The mandate of historic preservation is to maintain vestiges of diverse cultural heritage, a task that is becoming increasingly difficult in rapidly globalizing India. Much of the country's urban heritage outside of the "monument-and-site" framework is threatened by massive restructuring of cities facilitated by neoliberal urban policies. Mumbai has a rich cultural heritage, associated with diverse sociocultural and economic groups. Much of this is threatened by development practices pursued by various forces with a particular vision of Mumbai as an emerging "global city." In this work Chalana examines Girangaon, an early industrial district of Mumbai, currently being transformed by forces of domestic and global capital. He argues that Girangaon's urban industrial heritage is a significant piece of the city's development history, which future visions of a global metropolis should embrace. While the expansion of Mumbai's economy has benefited some avenues of preservation practice in Mumbai, in Girangaon its consequences have also been negative, as a working-class neighborhood is restructured into a hypermodern district for the elite. The current forms of preservation practice in the city have been insufficient in addressing the complexity around managing heritage in low-income neighborhoods. Girangaon, and Mumbai overall, reveal the many ways that economic, cultural, and political globalization can impact historic preservation practice.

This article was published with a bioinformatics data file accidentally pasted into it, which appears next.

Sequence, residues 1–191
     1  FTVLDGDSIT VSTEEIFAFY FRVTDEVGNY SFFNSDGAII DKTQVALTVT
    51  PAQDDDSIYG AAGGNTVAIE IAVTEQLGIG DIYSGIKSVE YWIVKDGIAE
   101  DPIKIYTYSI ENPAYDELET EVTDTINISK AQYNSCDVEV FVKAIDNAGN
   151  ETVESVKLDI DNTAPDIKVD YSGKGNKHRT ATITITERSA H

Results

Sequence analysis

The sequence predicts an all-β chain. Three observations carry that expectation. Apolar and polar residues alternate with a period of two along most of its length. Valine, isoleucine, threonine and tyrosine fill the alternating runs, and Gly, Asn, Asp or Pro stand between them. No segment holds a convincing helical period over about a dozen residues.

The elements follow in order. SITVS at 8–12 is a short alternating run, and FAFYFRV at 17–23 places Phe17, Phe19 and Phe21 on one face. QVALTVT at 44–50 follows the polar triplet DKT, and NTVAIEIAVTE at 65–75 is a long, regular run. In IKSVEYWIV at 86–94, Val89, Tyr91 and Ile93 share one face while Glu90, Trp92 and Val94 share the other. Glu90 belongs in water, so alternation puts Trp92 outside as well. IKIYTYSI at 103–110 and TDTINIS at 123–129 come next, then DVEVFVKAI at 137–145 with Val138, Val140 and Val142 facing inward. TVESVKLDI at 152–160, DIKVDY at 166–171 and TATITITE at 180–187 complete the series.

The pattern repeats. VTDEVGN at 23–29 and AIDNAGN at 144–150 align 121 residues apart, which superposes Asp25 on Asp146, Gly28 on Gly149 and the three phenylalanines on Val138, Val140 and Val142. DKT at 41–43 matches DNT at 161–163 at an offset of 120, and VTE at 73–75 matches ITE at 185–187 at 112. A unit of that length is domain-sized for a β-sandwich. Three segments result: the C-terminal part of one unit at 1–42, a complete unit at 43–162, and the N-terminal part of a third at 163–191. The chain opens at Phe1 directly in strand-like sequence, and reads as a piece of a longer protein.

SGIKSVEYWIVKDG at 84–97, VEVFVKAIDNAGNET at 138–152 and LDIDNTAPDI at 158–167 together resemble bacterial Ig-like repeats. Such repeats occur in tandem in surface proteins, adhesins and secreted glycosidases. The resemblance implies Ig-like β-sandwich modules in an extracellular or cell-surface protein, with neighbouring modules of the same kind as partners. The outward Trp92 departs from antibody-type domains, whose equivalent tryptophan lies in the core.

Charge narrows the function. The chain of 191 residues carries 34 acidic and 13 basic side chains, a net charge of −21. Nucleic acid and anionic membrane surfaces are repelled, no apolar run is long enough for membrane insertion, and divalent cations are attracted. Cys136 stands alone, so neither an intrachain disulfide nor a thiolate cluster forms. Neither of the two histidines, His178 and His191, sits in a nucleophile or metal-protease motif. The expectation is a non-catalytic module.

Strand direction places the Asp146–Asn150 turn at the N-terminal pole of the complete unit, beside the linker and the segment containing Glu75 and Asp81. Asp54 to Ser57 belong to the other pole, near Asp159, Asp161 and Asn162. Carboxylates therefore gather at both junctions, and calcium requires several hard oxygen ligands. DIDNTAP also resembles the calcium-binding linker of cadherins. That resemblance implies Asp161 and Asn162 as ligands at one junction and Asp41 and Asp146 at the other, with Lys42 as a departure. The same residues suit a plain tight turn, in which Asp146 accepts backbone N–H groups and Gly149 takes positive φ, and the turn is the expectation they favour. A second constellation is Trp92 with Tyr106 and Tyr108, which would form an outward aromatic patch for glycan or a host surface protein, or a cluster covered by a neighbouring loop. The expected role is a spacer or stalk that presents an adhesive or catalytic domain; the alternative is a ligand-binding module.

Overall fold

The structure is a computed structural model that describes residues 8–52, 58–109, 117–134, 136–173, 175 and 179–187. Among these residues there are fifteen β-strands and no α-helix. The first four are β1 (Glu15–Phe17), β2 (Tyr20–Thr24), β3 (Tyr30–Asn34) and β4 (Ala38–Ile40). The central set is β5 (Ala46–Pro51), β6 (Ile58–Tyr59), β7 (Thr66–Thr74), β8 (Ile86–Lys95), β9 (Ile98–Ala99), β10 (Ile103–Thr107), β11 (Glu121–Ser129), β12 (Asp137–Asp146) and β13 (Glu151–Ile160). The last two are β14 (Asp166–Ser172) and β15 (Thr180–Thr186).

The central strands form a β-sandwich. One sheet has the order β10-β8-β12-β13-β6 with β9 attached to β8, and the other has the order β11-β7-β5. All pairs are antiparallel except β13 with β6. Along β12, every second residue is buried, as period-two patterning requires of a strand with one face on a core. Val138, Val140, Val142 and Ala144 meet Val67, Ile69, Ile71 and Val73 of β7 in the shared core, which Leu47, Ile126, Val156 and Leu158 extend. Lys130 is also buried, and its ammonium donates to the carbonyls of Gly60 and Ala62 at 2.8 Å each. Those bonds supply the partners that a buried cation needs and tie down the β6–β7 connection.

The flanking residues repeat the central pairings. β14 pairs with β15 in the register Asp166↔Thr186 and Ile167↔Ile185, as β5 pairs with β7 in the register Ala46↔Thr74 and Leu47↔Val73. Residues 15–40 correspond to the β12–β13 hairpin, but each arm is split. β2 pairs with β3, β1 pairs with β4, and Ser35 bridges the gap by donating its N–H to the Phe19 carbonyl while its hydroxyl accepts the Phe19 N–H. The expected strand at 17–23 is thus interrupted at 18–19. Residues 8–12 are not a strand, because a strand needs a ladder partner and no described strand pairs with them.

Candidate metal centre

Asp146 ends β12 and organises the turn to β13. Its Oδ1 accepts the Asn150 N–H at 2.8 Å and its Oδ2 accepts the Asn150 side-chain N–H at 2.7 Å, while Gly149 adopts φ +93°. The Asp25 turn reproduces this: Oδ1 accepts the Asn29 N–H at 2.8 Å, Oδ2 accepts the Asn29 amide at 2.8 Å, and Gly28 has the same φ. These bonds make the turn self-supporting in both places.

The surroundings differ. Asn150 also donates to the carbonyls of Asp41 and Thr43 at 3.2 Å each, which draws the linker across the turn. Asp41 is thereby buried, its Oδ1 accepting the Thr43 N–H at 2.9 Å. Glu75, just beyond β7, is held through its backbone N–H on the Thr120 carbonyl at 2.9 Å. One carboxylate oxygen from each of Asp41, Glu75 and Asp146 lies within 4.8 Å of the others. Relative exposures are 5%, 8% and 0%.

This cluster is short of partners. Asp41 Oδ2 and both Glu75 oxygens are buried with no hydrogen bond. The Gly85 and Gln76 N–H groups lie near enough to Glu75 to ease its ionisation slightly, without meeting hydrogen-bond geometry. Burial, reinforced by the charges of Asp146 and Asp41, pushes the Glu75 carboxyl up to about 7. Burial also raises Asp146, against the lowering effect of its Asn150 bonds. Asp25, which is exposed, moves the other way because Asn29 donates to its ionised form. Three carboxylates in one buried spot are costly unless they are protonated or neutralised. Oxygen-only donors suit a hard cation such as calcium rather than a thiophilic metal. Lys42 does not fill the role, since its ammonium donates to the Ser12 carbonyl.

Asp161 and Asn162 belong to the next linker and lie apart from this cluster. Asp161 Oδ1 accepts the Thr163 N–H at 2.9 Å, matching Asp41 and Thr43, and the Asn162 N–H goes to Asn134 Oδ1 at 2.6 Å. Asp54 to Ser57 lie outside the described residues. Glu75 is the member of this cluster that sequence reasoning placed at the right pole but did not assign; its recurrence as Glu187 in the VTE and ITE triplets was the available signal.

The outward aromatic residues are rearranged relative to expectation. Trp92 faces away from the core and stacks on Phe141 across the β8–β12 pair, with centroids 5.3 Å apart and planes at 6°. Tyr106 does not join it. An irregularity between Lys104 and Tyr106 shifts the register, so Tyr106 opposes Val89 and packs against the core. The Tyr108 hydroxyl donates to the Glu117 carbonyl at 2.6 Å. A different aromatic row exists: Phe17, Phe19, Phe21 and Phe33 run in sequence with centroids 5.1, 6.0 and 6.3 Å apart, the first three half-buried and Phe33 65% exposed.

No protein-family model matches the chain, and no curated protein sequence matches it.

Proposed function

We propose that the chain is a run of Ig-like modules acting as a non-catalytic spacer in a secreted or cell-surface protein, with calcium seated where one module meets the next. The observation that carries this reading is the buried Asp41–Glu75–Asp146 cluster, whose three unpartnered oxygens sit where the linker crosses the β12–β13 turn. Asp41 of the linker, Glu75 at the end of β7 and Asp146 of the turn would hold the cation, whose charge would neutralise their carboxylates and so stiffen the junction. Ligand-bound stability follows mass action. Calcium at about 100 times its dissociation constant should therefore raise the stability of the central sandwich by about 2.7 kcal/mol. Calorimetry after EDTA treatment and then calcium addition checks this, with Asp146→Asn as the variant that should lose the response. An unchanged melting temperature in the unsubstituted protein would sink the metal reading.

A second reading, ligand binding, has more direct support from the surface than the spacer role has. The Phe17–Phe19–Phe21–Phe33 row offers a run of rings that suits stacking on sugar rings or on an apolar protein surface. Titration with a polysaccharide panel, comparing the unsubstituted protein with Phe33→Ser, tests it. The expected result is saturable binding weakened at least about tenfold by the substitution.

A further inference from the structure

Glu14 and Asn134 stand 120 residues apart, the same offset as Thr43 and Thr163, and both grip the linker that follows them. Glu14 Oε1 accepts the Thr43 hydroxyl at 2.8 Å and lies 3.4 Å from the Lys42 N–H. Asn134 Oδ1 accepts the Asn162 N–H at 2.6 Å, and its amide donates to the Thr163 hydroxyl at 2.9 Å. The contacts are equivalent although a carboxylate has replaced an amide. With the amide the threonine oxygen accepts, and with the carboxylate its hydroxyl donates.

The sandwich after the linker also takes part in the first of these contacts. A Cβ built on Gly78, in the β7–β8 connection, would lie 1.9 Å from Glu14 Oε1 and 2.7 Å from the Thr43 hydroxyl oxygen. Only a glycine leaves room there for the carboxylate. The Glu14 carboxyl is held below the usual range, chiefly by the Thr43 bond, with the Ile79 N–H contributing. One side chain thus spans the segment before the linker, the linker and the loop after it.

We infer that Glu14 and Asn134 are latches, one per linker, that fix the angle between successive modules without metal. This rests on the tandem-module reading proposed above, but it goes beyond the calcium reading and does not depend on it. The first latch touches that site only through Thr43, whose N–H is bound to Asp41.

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pp. a-15
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